Charlie WhiteStaff Writer
For vegans and vegetarians, shoe shopping is not always an easy task. Leather, glue derived from animal products, and fur are just a few things these consumers have to watch for when purchasing a new pair of shoes. Also, most of these same people tend to cringe at sweatshop labor resulting in huge corporate profit, which is how nearly every shoe that you find in your average footwear outlet is made. Jon Novick's new store on Snelling Avenue is no average footwear outlet.
In fact, it's not a footwear outlet at all. Fast and Furless Skinless Fashion, located just south of Macalester between St. Clair and Jefferson, sells all sorts of products, from cookies and handbags to lotion and tee-shirts, and, of course, shoes. And not a one of them contains any trace of animal products or unfair sweatshop labor.
Fast and Furless opened its doors on November 25, which happens to be Fur-Free Friday, an annual event taking place every year after Thanksgiving to protest the use of fur products. "I originally wanted to open a vegetarian café," said Novick. "I used to work at the Grille at Mac. But, I soon discovered that I do a much better job at eating vegan food than actually cooking it."
Novick has had family connections to this community since his great-grandfather built the place in which he currently lives and runs Fast and Furless back in 1925. "My grandpa grew up in here. He was an apprentice at a battery repair shop for a while, then became a mechanic in 1928 when he was 17," he said. "Now, my Dad is a mechanic next door."
Novick moved to Los Angeles from 2002 to 2004 after his job at the Grille. He worked at the Whole Foods in Westwood, near UCLA. During this time, he started hearing about vegan boutiques popping up all over the place. "I thought about how frustrating it is to order vegan shoes online," he said. "Getting the size right, shipping them back and forth, it's just a big hassle. It might be easy for a wallet or something, but when it comes to shoes, it's best to be able to try them on in person."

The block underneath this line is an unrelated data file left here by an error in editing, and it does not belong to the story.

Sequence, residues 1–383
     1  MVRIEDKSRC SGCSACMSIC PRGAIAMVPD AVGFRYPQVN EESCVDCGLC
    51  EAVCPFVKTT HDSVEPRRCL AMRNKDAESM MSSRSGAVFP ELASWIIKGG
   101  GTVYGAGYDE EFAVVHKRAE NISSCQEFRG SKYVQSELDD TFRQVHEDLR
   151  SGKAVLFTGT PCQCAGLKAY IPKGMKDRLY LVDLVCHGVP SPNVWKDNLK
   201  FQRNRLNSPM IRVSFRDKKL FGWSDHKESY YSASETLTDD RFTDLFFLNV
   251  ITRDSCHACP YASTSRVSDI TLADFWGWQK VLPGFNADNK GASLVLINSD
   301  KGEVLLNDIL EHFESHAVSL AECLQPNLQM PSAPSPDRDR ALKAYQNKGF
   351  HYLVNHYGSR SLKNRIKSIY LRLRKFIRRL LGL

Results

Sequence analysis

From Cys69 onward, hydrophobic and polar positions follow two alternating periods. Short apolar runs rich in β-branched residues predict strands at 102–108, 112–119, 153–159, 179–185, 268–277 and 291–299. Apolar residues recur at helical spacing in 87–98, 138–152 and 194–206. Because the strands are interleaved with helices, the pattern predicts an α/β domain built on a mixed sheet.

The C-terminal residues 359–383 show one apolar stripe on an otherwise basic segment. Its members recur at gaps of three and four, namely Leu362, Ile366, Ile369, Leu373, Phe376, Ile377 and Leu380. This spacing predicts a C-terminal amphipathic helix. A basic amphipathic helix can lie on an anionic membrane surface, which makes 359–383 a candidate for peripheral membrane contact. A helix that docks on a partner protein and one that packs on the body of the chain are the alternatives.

With these ideas, Novick moved back to St. Paul. It took him about another year to really commit to the idea of opening up his own store. But now that he has, he has no regrets. "I'm not only realizing my dream as an entrepreneur, but I'm doing it without producing plastic bottles and such things," he said. "It's so important to be a resource for vegans and vegetarians."
When deciding where to locate Fast and Furless, one of the big things that kept him from moving to Minneapolis was the fact that he would be so close to Macalester at his location in St. Paul. "I've felt a connection to the Macalester community for a while," he said. "I worked at the Grille, and my Dad has been fixing Mac professors' cars for a while."
Novick made sure to bring some flyers over to some environmental groups on campus to help get the word out. "I'm so thrilled whenever I get a Mac student in," he said. "I'm really impressed with the students and all of their various liberal, forward thinking causes."
Novick also mentioned that he did some advertising at St. Catherine's, Hamline and St. Thomas. He has had enthusiastic students come in from St. Catherine's and Hamline, although nobody has identified themselves as a St. Thomas student yet.
Novick is very much against the idea of animals being treated like a commodity. In today's competitive world, everything seems to be all about the costs involved in production. "Everyone seems to just be asking how we can get the prices as low as possible," Novick said. "That's where the sweatshops, overcrowding, and other terrible living and working conditions for animals and people come from."
Novick, on the other hand, isn't as worried about the price of his products as much as how they can help reduce the unfair treatment of laborers and animals around the world. "I want to carry products good for people and animals," he said. "I import my vegetarian shoes from England. I'm not trying to gouge anyone with my prices, I just charge what I have to in order to break even with the shipping costs."
While most non-animal products are made with vinyl, a cheaper material, all of Novick's products are made of micro fiber, a very high-quality tightly-woven fabric. Although it isn't particularly cheap, it is incredibly strong and durable. So although Novick's prices may appear a bit high at first, they're as low as he can afford to charge for the freely traded, animal-free, high quality products that are offered.
Among Novick's shoes are Blackspot Sneakers. These shoes feature 100% organic hemp uppers, a vegetarian toe and heel, a recycled tire sole, an anti-logo (a "hand-drawn symbol of defiance against corporate cool"), and a hand-painted red "sweet spot" on the toe, "for kicking corporate ass." Other free trade vegan shoes offered include Earth Shoes, Vegetarian Shoes, and Adbusters.
But there is a lot that Fast and Furless has to offer besides shoes. Leather-free wallets, belts, purses, locally made scarves, hard-to-find books, and a vast array of hemp products from The Merry Hempsters including lotion and lip balm. "I also have the best vegan cookies in the whole world," Novick said, referring to cookies from the Sun Flour Baking Company in California.
Novick is able to provide a letter from each manufacturer, proving that all of his products are free trade, with no sweatshop labor. He is also able to provide very detailed background information about the production of ev
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